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Boise State Physics’ Mobile Planetarium

Boise State’s Physics Department is raising funds to purchase an inflatable, mobile planetarium to support the department’s regional public outreach program. The magic of stepping into a planetarium for the first time is unlike any other astronomical encounter. With the click of a button, a planetarium operator can re-create the night sky in ways impossible in real life, giving an unforgettable experience for children and adults alike. Portable digital planetariums are state of-the-art, providing crisp imagery and animations, and their portability allows a much broader reach than fixed installations.


The planetarium would consists of an inflatable tent dome and a projector kit.

The dome comes from Go-Dome, an industry-leading planetarium manufacturer ( The dome is inflated with a large fan and could accommodate about 30 visitors, including those needing handicap accessibility. The projector kit involves a standard, off-the-shelf project with a specialized but off-the-shelf mirror. This set-up provides all the functionality of a commercial, digital planetarium projector but at a fraction of the cost and is based on a kit developed by the University of Washington’s Astronomy Department.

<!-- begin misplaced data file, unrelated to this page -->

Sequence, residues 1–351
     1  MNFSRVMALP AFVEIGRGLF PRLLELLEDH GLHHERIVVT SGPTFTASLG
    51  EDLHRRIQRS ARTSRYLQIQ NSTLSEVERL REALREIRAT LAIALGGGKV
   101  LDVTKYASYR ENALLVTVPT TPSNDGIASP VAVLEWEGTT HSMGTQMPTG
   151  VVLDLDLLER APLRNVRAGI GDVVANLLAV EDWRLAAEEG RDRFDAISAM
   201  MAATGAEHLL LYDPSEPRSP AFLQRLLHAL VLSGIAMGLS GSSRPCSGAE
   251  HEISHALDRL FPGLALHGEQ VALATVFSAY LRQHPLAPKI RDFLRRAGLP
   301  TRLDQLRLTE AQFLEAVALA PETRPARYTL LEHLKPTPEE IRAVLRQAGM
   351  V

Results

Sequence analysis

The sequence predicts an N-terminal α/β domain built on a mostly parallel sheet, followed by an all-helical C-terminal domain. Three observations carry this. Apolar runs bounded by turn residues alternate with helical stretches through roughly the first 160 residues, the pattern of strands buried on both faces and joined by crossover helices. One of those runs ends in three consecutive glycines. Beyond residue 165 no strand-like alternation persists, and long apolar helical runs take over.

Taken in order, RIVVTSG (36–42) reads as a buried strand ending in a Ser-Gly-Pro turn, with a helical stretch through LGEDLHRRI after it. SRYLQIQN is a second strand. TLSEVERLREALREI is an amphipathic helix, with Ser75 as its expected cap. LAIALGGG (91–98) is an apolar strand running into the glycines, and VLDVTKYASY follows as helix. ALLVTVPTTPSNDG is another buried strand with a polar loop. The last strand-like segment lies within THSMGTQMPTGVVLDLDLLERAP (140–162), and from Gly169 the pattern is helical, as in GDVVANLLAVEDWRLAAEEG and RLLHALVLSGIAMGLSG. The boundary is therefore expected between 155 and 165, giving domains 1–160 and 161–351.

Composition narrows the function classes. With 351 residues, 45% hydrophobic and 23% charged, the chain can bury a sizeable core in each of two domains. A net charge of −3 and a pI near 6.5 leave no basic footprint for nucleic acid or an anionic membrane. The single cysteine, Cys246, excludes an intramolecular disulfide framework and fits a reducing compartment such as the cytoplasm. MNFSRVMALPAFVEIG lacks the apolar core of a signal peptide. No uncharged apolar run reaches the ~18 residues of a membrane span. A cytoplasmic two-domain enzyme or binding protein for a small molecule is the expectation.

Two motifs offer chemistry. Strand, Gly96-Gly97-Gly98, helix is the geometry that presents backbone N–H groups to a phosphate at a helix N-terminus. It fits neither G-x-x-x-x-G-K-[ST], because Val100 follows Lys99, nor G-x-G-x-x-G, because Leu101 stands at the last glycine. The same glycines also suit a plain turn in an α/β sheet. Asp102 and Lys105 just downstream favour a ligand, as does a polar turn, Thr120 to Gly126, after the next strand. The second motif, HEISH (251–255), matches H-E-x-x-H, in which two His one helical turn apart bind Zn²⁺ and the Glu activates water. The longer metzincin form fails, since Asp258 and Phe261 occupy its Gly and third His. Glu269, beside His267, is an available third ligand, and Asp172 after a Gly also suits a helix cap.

Idaho is blessed with unusually dark skies and hosts the only gold-star certified International Dark Skies Reserve in the United States ( Located in central Idaho, the Reserve constitutes a collective commitment by communities, public land managers, and private landowners to support a unique tourist and educational resource.

As part of its popular astronomy outreach effort, Boise State Department of Physics will partner with the Dark Skies Reserve and the Boise Astronomical Society to take the planetarium to schools, community centers, and public libraries across the state, especially in the reserve and other rural areas where STEM outreach is limited. We would work with the network community leaders already developed by Boise State Physics during the 2017 solar eclipse outreach.


Brian Jackson
Project Lead and Associate Professor, Physics
Melanie Bannister
Director of Development, College of Arts and Sciences


Support the mobile planetarium by making a gift at